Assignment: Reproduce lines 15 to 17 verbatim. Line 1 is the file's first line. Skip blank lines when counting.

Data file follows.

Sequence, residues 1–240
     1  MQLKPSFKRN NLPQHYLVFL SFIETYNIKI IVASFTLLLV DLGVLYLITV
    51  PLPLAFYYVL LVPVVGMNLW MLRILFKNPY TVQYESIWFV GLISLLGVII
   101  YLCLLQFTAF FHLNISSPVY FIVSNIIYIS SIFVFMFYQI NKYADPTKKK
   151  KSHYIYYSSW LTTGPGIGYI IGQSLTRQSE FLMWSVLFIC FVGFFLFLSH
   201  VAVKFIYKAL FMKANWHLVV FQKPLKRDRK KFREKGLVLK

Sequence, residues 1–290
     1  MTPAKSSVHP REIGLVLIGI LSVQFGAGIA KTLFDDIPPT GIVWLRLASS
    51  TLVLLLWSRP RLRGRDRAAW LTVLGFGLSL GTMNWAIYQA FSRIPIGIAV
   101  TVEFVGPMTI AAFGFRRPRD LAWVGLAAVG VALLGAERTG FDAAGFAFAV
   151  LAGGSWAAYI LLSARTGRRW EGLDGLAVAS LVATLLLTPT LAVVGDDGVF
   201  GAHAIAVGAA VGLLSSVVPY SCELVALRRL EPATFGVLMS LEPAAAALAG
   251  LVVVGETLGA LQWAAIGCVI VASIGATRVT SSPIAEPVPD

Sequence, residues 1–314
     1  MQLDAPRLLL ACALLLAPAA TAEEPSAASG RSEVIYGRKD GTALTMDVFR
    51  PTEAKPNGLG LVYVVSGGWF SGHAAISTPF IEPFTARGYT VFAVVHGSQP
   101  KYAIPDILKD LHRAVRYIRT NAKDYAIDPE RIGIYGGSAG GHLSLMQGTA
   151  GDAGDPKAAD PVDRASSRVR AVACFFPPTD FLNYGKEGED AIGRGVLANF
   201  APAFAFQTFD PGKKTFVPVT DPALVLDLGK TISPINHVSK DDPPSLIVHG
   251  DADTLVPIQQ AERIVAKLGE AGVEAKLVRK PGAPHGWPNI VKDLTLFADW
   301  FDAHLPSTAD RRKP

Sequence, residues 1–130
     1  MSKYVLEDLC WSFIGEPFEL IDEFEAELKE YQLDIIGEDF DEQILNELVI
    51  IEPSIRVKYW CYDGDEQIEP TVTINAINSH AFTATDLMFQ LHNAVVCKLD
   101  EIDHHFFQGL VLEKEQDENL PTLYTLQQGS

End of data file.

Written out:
     1  MQLDAPRLLL ACALLLAPAA TAEEPSAASG RSEVIYGRKD GTALTMDVFR
    51  PTEAKPNGLG LVYVVSGGWF SGHAAISTPF IEPFTARGYT VFAVVHGSQP
   101  KYAIPDILKD LHRAVRYIRT NAKDYAIDPE RIGIYGGSAG GHLSLMQGTA